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The mathematician Marjorie Lee Browne, whose work focused on linear algebra and the properties of classical groups, was born in 1914. She was one of the first African-American women to earn a PhD in mathematics from a US university.

Epidemiology pioneer John Snow, who doubted the prevailing miasma theory for the spread of a cholera outbreak in London, traced infections and spoke to locals to pinpoint a public water pump as the source. He removed its handle in 1854, helping put an end to the outbreak.

You can see the famous “ghost map” (which was made later) of the outbreak here:
matrix.msu.edu/~johnsnow/book_
It's a foundational document of data visualization, zeroing in on the pump as the culprit.

Physicist James Van Allen was born in 1914. His 1958 satellite experiments (Explorer 1 and 3, Pioneer 3) revealed donut shaped "radiation belts" where charged particles captured from the solar wind are trapped by Earth’s magnetic field.

He was an early advocate for scientific experiments on satellites and rockets: first with captured V-2 rockets after the war, then rocket-assisted balloons dubbed “rockoons“, and finally satellites launched by the US space program.

Images: AAS, NASA

Congratulations to Prof Dame Jocelyn Bell Burnell on receiving the Breakthrough Prize in Physics for her 1967 discovered of pulsars.

And congratulations to the founders and judges of the Breakthrough Prize for doing what the Nobel Committee wouldn’t.

She’s donating the prize money to support women, under-represented minorities, and refugee students who want to pursue a career in physics.

bbc.com/news/science-environme

The astrophysicist Dr. Jaqueline Hewitt, known for her pioneering work on gravitational lensing, was born in 1958. In 1987 she led the team of observers at the Very Large Array that discovered the first Einstein ring.
Image: Hewitt et al, Nature 333, 537 (1988)

John Dalton made an entry into his logbook in 1803 that introduced a set of symbols to represent elements. His system, which was the first to use symbols, was replaced about a decade later by the modern notation introduced by Berzelius.

Something like this is likely to happen on timescales not too different from ecological disasters like climate change, so add it to your list of things to worry about!

As global disasters go, it will be one of the prettier ones. The aurora will be dazzling and bright enough for you to read a book by; birds will think day is here. But telecoms will be down for a while, and there’s a pretty good chance your power grid will collapse.
Image: NAS

At some point it will happen again, and it won’t miss. But the infrastructure we rely on now is much more susceptible than it was in 1889. The National Academy of Sciences says the economic impact of a modern-day 'Carrington Event' could top $2 trillion.
science.nasa.gov/science-news/

A “Carrington-class” solar storm occurred in 2012, but the coronal mass ejection from that one just missed the Earth.
Image: NASA/STEREO

Carrington & Hodgson made the first solar flare observations in 1859, just before a colossal geomagnetic storm. They made their observations independently and published simultaneously in MNRAS.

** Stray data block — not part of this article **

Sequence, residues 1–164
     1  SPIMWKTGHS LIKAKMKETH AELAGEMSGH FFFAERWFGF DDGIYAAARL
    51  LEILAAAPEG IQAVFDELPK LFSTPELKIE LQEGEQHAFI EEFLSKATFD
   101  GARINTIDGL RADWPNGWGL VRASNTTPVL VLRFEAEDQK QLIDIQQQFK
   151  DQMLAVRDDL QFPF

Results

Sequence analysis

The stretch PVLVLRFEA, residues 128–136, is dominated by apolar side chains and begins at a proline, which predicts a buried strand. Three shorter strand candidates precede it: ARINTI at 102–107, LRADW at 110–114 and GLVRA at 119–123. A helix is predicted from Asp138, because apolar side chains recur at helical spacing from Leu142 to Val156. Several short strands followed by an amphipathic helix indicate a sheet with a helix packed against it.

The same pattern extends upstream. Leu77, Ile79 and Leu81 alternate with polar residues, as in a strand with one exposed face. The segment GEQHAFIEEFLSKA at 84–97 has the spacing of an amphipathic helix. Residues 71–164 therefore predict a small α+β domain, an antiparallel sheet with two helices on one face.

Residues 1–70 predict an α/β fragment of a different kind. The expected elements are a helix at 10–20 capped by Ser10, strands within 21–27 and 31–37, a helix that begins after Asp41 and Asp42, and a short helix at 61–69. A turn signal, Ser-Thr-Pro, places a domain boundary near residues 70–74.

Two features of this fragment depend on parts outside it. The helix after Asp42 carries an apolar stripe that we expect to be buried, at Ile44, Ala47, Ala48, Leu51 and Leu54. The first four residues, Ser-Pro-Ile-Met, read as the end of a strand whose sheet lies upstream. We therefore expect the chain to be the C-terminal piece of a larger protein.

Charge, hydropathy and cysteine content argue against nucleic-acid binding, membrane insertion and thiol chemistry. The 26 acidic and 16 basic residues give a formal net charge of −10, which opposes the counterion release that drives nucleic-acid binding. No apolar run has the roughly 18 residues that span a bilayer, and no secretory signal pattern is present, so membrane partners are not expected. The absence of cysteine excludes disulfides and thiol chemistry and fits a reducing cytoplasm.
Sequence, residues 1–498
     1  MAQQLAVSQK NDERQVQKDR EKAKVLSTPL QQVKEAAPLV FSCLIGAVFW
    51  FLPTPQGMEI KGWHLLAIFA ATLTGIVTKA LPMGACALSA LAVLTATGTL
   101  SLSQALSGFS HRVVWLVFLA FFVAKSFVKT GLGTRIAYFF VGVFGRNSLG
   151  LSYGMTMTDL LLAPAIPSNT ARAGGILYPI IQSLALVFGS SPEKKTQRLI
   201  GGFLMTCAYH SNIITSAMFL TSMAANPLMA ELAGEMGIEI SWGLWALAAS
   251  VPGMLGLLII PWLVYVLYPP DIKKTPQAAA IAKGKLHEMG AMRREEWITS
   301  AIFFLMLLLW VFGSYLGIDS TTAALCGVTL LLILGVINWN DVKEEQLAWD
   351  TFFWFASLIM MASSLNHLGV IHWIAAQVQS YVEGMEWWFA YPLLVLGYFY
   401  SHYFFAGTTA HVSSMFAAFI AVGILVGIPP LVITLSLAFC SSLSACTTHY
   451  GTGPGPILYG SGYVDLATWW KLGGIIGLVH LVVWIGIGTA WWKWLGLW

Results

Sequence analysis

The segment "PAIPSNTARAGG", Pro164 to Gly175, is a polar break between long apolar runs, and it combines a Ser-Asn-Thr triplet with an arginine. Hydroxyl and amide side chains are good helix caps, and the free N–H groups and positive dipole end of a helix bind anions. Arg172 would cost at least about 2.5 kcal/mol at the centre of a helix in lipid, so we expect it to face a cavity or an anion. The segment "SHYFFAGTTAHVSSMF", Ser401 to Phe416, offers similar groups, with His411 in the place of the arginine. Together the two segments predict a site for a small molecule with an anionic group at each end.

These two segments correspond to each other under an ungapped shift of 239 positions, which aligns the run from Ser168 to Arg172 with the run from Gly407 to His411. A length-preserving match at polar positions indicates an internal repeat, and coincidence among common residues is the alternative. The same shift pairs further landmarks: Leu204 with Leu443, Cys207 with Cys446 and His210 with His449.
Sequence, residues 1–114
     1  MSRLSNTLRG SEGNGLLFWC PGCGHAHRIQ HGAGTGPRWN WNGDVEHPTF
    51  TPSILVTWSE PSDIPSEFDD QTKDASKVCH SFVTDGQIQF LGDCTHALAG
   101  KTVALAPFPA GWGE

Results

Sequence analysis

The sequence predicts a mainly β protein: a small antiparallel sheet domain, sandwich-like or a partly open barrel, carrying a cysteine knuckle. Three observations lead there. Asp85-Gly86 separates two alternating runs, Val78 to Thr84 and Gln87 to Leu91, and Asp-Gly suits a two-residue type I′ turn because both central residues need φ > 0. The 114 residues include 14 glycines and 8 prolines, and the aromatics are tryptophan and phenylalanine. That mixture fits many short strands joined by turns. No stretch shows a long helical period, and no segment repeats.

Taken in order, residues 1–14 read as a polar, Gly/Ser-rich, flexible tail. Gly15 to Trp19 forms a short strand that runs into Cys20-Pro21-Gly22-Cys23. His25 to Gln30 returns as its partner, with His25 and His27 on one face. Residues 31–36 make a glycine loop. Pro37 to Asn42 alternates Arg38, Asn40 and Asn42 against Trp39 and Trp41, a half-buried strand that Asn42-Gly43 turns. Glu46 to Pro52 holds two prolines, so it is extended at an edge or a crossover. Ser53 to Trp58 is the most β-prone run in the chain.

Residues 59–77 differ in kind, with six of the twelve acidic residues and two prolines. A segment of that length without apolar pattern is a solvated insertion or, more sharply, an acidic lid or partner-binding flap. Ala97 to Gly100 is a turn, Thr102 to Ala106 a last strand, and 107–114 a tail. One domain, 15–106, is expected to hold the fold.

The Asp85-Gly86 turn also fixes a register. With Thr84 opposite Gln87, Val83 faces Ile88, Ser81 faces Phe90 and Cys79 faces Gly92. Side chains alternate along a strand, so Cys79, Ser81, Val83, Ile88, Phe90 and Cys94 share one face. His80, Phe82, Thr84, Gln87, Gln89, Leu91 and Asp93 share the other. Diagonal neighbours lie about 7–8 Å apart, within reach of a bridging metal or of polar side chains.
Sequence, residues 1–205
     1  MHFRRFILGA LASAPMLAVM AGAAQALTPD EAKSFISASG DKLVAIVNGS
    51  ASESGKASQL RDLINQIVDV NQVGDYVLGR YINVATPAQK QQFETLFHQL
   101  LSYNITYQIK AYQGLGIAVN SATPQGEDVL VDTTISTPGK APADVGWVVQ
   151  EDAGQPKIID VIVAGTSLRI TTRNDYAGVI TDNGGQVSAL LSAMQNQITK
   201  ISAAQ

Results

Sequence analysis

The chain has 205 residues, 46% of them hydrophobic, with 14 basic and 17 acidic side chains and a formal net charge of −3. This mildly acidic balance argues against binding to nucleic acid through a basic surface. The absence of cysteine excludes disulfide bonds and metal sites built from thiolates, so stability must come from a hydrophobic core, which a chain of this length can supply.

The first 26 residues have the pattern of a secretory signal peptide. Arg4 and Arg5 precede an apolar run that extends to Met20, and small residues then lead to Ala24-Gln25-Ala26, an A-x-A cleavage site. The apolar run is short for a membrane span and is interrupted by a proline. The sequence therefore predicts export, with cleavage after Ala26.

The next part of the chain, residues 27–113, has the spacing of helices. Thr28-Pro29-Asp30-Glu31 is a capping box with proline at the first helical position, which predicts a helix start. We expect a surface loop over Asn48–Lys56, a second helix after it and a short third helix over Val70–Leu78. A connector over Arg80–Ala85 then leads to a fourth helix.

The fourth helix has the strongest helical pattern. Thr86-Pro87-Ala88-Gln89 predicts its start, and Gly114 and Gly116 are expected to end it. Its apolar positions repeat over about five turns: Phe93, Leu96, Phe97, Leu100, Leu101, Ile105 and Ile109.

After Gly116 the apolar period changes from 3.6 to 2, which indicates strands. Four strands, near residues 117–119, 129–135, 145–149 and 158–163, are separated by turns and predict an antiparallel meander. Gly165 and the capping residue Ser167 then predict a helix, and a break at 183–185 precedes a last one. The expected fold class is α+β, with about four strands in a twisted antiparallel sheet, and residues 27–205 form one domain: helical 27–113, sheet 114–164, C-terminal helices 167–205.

adsbit.harvard.edu/cgi-bin/nph

The solar storm that followed was one of the most intense on record. Auroras were reported all over the world and there were mass telegraph outages. Currents induced in the telegraph lines were strong enough to melt contacts, shock operators, and set kinds of paper on fire.

The physicist Ernest Rutherford was born in Brightwater, New Zealand in 1871. He discovered the nucleus, proton, and α and β particles; explained nuclear decay; and was the first person to successfully transmute one element into another.

Image: George Grantham Bain Collection, LOC

Physicists appreciated Faraday's skill as an experimentalist. But he was largely self-taught, and there were gaps in his education. Faraday didn't have the mathematical tools to formalize his more abstract ideas, so his contemporaries were skeptical of the concept of "lines of force."

Then Maxwell came along and said "Uh, I think he was on to something?" In the preface to "A treatise on electricity and magnetism" (archive.org/details/atreatiseo) Maxwell wrote:

Faraday explained induction in terms of what he called "lines of force."

This was an idea that was ahead of its time. He thought of lines of force as truly fundamental. All matter and interactions, he believed, could be realized as knots and wiggles in this medium.

Faraday expected that gravity and electromagnetism, understood as disturbances in his lines of force, would propagate with (probably the same) finite velocity. So in a sense, Faraday anticipated the modern idea of fields.

Faraday's ring-coil apparatus is on display at the Royal Institution's Faraday museum. They also have his notebooks. Here is the page from August 29, 1831, where he describes the construction of his apparatus.
Ref: The Royal Institution, RI MS F_2_C

Michael Faraday first demonstrated the phenomenon of electromagnetic induction in 1831. He wound insulated wire coils around two sides of an iron ring, then observed a brief current in one as he connected the other to a battery.
Images: The Royal Institution, Paul Wilkinson

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